Socialist Worker

Jobless, displaced and bitter—life inside the West’s occupation of Afghanistan

The western city of Herat is seen by many as the most stable in Afghanistan yet there is growing bitterness at unemployment and the lack of secure jobs

Issue No. 2178

Men gather in the Afghan town of Herat, hoping to get a day’s work  (Pic: http://www.guysmallman.com/» Guy Smallman )

Men gather in the Afghan town of Herat, hoping to get a day’s work (Pic: » Guy Smallman)


The western city of Herat is seen by many as the most stable and functioning in Afghanistan.

Insurgent attacks are rare and it is cleaner and more relaxed than cities such as Kabul and Jalalabad.

Yet like everywhere else in Afghanistan there is growing bitterness at unemployment and the lack of secure jobs.

It is 6.15am, and an intersection called Badmorghan is teeming with over 500 men wrapped in blankets and waiting in freezing temperatures by the roadside.

This is one of seven locations around Herat where up to 1,000 unemployed labourers converge each morning.

These men have been here since 4.30am in the hope of being offered a day’s work in one of the local building sites.

The lucky ones will work for between ten and 12 hours, earning the equivalent of around £2.40. Most will leave here disappointed.

When we arrive we are mobbed by a group of about 50 men. My translator explains that we are only here to talk. Most are happy to oblige—they are bored and it is unlikely now they will get work today. The gangmasters have usually finished collecting by 6am.

The men vary in age from late teens to early 50s.

All of them have families to support. They tell me that single unemployed men go to Iran, Dubai or Tajikistan for work where the pay and conditions are much better.

Most of them are from rural areas outside the city.

Derelict

Wakil has travelled 125 kilometres from Obeh district to look for work. He shares a room with six other unemployed labourers.

Previously he had tried to save money by sleeping in a derelict building but he became sick and had to move.

Wakil complains bitterly about the lack of investment in the rural economy. He blames the occupation for his predicament.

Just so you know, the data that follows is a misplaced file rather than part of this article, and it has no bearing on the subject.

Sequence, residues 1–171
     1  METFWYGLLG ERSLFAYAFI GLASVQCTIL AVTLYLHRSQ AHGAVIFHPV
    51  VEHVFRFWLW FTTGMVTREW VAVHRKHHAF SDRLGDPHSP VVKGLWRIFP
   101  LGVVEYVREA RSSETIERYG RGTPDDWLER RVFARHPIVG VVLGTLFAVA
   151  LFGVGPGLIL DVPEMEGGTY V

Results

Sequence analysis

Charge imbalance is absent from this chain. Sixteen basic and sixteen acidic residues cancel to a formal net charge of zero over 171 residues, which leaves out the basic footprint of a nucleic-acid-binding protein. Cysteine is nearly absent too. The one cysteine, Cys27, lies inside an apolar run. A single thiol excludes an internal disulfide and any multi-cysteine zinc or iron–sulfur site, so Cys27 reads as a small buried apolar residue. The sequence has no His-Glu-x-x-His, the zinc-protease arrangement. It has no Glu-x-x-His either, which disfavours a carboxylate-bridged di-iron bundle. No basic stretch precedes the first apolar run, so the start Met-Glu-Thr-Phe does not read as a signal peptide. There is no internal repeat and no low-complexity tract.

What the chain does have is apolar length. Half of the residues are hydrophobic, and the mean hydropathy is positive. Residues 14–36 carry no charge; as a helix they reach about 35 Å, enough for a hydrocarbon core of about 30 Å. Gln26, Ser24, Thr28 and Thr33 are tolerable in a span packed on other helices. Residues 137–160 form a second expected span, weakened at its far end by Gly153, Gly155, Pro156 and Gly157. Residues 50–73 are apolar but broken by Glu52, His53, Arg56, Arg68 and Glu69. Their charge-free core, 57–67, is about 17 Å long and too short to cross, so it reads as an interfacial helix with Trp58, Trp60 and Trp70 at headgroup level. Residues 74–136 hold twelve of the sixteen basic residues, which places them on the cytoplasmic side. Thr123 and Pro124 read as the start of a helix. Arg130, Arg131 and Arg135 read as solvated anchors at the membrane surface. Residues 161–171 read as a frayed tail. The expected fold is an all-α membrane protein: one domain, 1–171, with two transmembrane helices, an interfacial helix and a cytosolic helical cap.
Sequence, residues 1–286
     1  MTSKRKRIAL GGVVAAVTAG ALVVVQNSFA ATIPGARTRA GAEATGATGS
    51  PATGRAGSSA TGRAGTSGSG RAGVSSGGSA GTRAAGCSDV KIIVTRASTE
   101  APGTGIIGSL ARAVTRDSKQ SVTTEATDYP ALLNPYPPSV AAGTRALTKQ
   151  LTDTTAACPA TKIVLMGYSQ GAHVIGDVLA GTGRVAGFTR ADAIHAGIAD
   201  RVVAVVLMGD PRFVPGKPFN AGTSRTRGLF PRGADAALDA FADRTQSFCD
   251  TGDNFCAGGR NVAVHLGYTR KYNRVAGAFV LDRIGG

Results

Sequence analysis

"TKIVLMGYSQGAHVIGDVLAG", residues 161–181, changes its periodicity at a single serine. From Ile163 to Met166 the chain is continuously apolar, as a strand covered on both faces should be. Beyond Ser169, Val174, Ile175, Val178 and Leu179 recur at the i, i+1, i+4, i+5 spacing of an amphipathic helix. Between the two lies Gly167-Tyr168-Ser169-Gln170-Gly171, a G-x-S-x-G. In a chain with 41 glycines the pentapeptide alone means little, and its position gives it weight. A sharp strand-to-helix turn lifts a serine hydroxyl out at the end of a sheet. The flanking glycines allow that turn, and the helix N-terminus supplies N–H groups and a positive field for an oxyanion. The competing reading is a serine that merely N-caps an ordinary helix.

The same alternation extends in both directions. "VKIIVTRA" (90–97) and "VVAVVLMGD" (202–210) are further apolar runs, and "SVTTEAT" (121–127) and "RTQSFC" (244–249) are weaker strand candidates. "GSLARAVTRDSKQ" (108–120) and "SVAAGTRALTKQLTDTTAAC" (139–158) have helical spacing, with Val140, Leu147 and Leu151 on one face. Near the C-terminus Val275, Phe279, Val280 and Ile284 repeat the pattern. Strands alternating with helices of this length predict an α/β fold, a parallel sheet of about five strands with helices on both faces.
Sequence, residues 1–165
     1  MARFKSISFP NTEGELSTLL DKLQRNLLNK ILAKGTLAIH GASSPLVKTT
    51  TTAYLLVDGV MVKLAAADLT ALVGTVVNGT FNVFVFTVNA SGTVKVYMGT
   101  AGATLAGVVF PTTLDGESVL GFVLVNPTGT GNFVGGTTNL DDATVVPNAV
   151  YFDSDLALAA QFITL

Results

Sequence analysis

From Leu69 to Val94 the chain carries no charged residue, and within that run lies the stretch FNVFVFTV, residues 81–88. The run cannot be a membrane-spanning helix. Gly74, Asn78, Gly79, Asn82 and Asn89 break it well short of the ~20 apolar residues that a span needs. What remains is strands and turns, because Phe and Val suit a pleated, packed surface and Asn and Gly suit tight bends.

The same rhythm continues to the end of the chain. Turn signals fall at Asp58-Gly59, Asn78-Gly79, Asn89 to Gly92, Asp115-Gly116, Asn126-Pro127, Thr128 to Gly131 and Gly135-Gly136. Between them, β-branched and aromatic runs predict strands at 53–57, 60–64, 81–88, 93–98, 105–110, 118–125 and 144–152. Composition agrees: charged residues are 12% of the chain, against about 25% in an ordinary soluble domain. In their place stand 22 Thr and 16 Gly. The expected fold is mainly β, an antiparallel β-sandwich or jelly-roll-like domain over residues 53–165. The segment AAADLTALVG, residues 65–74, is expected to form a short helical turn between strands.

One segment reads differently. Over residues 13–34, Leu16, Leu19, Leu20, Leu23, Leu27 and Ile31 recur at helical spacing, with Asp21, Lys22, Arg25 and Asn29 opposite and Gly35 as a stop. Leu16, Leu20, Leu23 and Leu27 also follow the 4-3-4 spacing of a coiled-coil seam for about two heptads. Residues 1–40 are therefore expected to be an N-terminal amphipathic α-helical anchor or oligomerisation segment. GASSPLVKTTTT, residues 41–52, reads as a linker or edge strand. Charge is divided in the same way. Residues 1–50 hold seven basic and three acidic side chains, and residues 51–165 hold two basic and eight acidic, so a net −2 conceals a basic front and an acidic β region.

“The Americans have just made things worse,” he tells me. “Our farms cannot trade without safe roads and open borders.

“My father was a wealthy man exporting apples all over the region. Now I cannot grow enough for my own family.

“The foreign troops just attract fighters from Pakistan and the Middle East.”

Azmaray has cycled 14 kilometres. He tells me that he usually gets work for between one and four days of the week. Two of his three children are now working to supplement the family income.

Azmaray blames the Afghan government for the misery endured by his family. “The president should make peace with the Taliban,” he says.

“There are no jobs because employers fear the kidnapping and suicide attacks. No one wants to build here.”

When I ask him why there is no work in his village he tells me that the orchards traditionally maintained by his family died when the irrigation channels were destroyed by the Russian army in the 1980s.

Standing apart from the others is a group of men who are clearly bottom of the pecking order. I am told that they are always the last to get work and they are paid the least.

They are refugees who have fled the fighting in neighbouring Farah province. They are treated with suspicion by the others as they only speak Pashto and come from Taliban-controlled areas.

“They could find work,” says one local. “The Taliban pay up to $15 a day.”


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